Submitted to: Parasitology Research
Publication Type: Peer Reviewed Journal
Publication Acceptance Date: April 5, 2005
Publication Date: June 10, 2005
Citation: Allen, P.C., Jenkins, M.C., Miska, K.B. 2005. Cross protection studies with eimeria maxima strains. Parasitology Research. 97:179-185
Interpretive Summary: Avian coccidiosis (caused by seven species of protozoa of the genus Eimeria ) is the most economically important parasitic disease of poultry world wide. Annual costs to the US broiler industry have been estimated to be about $460 million, attributed to necessary use of medicated feeds, as well as to mortality and morbidity that result in production losses. Traditionally used anticoccidial medications have become less effective because the parasites have developed resistance to these drugs. Since infection with Eimeria sp. can induce solid immunity, vaccination of flocks with live oocysts has become an increasingly viable and popular alternative method of coccidiosis control. However, this immunity is generally very species-specific. Therefore, most commercially available live vaccines contain combinations of several Eimeria species in order to present the widest range of immunizing antigens to the chickens. One of the species usually present in live vaccines is Eimeria maxima. Compared to other species, it is the most immunogenic. However, it also has been found to be highly immunovarient, so that in some instances flocks are not protected from strains that differ (for example from a different geographical origin) from the vaccine strain. Providing two strains of E. maxima in a vaccine is usually recommended. The nature of this immunovarience is not known, but immunovarient strains can be identified through cross-immune protection studies as described in this study. We have found that the fecundity, or reproductive ability of some E. maxima strains can also vary over time. This variation must be monitored carefully so that the fecundities of the strains being compared are as close as possible. This is because the host reaction to infection is generally proportional to the number of reproducing organisms present, generally represented by the intracellar stages. When fecundities are comparable, then differences in protective antigens among strains can be more easily identified.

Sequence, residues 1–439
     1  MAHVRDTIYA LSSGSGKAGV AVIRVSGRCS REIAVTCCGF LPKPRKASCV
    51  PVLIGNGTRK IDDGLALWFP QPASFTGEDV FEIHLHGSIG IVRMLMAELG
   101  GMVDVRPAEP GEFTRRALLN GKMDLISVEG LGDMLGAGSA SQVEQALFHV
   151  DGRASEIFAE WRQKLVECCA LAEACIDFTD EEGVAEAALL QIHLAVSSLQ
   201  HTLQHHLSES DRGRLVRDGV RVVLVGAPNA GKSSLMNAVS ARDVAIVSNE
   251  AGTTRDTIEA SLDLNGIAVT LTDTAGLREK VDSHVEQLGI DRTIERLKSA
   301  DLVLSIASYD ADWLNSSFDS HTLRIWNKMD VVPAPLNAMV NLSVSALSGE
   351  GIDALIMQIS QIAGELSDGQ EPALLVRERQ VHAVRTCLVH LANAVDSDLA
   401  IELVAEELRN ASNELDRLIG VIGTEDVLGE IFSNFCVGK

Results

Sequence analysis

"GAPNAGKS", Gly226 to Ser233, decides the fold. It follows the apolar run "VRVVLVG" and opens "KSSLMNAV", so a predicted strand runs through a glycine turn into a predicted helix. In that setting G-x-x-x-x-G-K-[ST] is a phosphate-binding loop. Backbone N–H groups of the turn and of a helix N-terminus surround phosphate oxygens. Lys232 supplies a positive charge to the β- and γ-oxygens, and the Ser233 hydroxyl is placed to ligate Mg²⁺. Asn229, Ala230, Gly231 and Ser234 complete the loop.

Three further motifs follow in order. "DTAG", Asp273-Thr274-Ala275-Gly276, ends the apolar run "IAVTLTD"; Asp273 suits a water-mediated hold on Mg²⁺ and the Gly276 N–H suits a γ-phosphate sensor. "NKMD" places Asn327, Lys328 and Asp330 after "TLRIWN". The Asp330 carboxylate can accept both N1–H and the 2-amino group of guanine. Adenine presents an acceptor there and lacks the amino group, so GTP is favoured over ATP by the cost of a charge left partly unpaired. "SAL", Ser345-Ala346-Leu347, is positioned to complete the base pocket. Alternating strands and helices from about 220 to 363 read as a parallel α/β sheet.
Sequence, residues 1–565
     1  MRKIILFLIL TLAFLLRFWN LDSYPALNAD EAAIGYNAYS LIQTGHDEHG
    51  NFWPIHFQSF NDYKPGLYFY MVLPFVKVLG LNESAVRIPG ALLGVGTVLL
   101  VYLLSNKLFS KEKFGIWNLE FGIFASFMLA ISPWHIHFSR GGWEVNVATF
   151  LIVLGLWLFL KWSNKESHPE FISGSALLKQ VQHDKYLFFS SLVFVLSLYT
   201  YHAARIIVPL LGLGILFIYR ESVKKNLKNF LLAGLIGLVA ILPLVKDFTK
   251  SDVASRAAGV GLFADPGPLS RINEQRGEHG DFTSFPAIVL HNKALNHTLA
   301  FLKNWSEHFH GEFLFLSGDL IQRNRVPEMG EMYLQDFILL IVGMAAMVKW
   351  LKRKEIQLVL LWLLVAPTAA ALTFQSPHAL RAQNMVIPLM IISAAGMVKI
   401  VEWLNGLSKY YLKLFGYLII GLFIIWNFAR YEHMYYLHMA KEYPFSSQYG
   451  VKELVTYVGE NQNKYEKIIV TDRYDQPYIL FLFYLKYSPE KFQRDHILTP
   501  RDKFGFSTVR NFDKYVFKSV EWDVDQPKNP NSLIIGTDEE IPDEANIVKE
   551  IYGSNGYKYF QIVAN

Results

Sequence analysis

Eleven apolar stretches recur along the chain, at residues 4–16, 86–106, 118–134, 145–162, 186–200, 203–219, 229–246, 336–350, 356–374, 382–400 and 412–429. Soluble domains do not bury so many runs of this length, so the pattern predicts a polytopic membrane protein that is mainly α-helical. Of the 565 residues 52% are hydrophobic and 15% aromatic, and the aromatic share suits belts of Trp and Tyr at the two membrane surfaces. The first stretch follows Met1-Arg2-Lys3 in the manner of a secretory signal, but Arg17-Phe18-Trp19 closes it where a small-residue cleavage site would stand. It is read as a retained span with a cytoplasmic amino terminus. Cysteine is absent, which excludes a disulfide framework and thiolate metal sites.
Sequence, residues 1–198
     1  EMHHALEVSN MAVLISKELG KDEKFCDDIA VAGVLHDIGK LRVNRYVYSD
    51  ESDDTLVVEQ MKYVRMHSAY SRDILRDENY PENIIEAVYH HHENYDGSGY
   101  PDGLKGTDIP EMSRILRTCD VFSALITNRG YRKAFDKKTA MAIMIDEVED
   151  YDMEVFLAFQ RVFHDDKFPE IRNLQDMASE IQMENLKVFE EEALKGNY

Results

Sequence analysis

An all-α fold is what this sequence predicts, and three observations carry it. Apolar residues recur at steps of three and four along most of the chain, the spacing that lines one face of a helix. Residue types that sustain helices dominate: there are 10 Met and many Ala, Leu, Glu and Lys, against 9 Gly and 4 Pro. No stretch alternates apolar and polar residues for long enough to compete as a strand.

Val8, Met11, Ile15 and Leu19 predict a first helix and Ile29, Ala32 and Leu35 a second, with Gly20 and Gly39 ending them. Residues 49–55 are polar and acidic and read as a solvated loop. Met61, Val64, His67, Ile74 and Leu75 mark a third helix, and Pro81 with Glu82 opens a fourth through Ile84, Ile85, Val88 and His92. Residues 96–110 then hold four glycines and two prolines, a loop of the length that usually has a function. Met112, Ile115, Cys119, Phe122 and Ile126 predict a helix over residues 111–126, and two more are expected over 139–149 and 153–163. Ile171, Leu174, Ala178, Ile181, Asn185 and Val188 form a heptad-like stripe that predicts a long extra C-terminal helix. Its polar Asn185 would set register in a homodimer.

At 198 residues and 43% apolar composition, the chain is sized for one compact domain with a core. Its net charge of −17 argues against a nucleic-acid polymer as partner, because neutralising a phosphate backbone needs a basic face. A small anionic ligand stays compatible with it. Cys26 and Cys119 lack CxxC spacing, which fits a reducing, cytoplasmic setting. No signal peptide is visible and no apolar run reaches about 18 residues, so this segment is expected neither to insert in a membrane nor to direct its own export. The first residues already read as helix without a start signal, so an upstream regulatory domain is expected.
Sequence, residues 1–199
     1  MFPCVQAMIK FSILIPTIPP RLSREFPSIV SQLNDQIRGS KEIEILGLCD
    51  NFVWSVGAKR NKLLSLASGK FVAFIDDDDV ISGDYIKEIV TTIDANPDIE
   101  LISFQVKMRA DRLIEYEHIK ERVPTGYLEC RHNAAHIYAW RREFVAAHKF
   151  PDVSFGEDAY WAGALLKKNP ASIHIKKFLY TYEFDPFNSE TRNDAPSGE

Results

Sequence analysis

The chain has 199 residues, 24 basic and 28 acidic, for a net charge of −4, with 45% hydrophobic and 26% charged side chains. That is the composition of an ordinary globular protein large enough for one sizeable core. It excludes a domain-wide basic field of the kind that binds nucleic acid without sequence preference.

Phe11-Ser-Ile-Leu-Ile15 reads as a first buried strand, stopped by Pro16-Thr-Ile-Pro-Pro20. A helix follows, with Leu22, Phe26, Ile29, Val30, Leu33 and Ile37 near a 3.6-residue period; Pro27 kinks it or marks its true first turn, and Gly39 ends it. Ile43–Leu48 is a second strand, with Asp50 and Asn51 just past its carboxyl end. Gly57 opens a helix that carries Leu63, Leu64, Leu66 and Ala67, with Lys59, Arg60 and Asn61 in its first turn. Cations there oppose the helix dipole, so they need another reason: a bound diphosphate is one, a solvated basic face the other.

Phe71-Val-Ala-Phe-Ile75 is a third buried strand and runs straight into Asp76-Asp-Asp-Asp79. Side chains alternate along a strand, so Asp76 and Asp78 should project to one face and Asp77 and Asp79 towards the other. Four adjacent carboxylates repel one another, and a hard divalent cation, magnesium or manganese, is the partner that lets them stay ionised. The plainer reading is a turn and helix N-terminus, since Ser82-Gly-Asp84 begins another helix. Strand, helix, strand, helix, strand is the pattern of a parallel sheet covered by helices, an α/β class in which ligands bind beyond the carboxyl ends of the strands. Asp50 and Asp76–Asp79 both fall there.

The purpose of this study was to evaluate the level of cross immune protection afforded by oral infection of chickens with four strains of Eimeria maxima. Immunizations were initiated by loe dose gavages of sporulated oocysts to day-old male broiler chicks under conditions that allowed parasite recycling through the chickens. After 2 weeks on litter and 1 week in suspended gaces chicks were challenged with homologous and heterologous E. maxima strains. Effectiveness of immunization was measured using a protective index calculated from weight gain, gross lesion score, plasma carotenoids and plasma NO2- + NO3- data. An initial cross immunity study among Strains A, B, C, and D showed that immunization with Strain A afforded no cross protection against heterologous strains. The lack of cross protection appeared to be correlated with parasite fecundity. Following several passages in non-immune chickens, the fecundity of Strain A was increased to the level of Strain C. Furthermore, both strains were mutually cross protective. This study indicates that parasite fecundity is important inn providing good immune stimulation, and should be careful monitored when characterization of unique immuni potentials of Eimeria strains is undertaken.